Church Shows Interest in Longmeadow Property

LONGMEADOW, MA – A religious organization may be interested in utilizing a property in Longmeadow as its house of worship.

A Google Maps image of 916 Williams St. in Longmeadow.

In his monthly report to the Select Board, Building Inspector Paul Healy indicated his office had recently been contacted by the Colvest Group, a Springfield-based real estate firm, regarding the possibility of a new church at the former First Church of Christ Scientist church building located at 916 Williams St.

While there is some level of interest, there are no imminent plans for the property. When contacted by the Longmeadow News, Healy said there had been “no movement on that yet.”

The building and nearly 3 acres of land were purchased by the Colvest Group on April 23, 2015 for $1.1 million, according to records kept by the Hampden County Register of Deeds. It was last assessed at approximately $1.08 million, according to town records.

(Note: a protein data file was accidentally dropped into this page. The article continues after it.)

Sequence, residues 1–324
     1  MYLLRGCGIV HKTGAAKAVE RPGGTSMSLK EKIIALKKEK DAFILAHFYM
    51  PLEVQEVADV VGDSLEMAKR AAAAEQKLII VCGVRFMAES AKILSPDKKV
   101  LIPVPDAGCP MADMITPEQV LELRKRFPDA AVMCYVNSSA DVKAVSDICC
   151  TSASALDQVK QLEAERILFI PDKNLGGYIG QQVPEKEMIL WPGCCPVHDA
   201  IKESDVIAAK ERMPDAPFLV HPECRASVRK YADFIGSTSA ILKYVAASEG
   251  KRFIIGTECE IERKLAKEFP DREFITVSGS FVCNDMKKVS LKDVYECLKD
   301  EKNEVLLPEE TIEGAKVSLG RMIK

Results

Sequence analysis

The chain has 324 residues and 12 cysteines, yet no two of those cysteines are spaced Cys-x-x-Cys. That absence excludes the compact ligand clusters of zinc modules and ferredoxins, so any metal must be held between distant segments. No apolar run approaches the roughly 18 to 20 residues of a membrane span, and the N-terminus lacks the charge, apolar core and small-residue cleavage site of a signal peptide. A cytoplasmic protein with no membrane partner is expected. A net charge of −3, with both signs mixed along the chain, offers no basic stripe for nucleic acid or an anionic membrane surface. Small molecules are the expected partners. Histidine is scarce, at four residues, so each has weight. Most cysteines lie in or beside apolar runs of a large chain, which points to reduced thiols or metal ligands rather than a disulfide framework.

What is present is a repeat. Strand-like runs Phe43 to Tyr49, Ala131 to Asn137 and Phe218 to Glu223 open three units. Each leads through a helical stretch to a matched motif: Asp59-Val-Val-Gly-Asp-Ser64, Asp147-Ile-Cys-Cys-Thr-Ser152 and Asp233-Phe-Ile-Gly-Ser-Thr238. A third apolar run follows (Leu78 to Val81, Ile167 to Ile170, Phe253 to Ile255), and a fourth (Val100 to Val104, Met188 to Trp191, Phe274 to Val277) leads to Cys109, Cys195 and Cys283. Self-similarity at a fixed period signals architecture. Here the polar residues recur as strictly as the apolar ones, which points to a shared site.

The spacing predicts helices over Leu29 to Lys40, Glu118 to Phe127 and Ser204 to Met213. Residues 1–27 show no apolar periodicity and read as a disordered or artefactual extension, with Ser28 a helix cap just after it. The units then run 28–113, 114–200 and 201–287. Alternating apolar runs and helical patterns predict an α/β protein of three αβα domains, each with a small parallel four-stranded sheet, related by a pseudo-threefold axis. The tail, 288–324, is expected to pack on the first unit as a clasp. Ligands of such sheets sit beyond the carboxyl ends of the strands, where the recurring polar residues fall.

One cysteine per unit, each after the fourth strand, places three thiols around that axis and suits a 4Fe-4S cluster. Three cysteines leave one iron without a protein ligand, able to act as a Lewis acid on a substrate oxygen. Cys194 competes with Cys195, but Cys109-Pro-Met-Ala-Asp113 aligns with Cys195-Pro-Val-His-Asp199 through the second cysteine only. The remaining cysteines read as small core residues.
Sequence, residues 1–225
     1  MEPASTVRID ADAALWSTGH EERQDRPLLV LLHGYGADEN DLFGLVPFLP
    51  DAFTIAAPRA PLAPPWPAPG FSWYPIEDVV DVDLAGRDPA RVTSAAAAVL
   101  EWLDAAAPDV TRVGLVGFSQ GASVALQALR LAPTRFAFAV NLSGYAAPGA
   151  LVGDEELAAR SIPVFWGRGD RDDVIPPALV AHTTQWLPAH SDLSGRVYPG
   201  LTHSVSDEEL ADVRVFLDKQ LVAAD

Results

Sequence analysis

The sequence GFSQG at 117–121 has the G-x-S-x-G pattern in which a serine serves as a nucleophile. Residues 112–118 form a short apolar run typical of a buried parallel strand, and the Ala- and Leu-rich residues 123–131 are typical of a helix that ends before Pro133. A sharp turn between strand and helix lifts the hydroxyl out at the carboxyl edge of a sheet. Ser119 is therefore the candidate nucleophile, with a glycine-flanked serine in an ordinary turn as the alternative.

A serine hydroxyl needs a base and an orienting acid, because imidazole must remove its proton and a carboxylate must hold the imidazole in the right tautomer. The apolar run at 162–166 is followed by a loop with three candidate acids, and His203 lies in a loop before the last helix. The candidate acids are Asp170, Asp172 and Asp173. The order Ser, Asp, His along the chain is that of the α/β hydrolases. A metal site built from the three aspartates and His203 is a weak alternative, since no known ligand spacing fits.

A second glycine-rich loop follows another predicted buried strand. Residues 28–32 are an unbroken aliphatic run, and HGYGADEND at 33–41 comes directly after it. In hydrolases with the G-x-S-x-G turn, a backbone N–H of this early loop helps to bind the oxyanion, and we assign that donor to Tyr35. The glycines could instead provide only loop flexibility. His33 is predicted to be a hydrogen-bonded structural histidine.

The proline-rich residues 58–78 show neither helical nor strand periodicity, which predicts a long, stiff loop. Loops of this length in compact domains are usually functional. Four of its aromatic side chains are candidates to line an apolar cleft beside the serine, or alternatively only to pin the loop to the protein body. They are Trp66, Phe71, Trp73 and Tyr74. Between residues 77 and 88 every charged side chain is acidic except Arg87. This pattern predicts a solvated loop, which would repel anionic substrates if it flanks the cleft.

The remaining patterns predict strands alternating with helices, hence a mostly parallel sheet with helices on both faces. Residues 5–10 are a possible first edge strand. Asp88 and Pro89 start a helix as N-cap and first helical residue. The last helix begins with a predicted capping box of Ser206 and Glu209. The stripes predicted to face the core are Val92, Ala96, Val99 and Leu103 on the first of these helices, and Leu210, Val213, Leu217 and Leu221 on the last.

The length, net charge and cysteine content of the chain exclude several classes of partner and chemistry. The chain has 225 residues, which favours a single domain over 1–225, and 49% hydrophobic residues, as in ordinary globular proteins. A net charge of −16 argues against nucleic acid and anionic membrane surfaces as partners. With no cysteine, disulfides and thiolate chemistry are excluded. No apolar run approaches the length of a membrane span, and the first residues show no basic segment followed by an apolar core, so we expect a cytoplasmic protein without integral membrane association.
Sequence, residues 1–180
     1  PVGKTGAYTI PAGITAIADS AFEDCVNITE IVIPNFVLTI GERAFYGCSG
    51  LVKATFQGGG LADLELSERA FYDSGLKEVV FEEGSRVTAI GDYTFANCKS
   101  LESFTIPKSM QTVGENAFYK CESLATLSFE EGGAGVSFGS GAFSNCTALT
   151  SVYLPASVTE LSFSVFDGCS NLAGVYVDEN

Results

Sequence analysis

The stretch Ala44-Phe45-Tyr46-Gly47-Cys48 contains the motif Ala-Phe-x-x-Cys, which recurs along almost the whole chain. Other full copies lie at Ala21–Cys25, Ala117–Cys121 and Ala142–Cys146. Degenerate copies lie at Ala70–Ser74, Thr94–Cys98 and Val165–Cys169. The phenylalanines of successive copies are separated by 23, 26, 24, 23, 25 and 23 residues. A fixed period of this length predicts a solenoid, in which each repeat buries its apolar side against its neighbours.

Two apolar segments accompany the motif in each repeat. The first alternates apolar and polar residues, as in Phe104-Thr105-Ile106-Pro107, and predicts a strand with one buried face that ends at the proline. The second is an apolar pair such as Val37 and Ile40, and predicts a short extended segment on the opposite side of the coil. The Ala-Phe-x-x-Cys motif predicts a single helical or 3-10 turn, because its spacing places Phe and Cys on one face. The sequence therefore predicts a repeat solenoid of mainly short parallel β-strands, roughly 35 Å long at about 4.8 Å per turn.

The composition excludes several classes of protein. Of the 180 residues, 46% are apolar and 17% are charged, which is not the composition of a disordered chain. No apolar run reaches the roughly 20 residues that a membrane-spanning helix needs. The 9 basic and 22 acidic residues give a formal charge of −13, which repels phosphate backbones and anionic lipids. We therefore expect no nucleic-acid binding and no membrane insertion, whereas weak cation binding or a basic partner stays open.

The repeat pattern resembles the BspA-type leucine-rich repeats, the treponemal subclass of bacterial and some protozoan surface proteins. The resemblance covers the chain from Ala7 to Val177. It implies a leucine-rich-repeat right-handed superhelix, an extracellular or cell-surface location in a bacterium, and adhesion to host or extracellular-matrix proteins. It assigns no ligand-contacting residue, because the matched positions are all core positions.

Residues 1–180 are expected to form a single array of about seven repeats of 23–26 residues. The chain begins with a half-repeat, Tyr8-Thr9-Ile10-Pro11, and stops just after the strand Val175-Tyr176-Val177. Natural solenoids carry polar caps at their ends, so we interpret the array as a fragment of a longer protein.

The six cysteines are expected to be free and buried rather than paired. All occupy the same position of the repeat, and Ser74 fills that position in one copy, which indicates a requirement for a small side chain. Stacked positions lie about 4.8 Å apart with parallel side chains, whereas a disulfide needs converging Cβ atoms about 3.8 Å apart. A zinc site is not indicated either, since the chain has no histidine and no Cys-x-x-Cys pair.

The building was originally constructed in 1963; the brick building consists of 6,410 square feet of usable space, including a large auditorium. The First Church of Christ Scientist of Longmeadow merged with the First Church of Christ of Springfield in 1996 and worshiped at this location for nearly 20 years.

Healy also informed the board he expected to receive a building permit for exterior work on the Brewer-Young Mansion at 734 Longmeadow Road in order to replace deficient columns. That work has since begun, but Healy indicated he expected it would be some time before he would receive any permit applications for interior work as the plans would likely not be ready.

The Longmeadow Historic Preservation Partners have been working to restore the historic property since gaining approval for a zoning change from residential to commercial at a Town Meeting on Jan. 25, 2018. The renovations were estimated to cost approximately $2 million.

Addressing regular complaints about high grass, Healy theorized drenching rains the area experienced in May were the culprit, as many landscapers became backed up. The complaints, he said, were because “residents were very impatient with their neighbors.”

Healy noted in his report he is entering a busy season as he has received a steady stream of building permits that require his inspection.

– By Chris Maza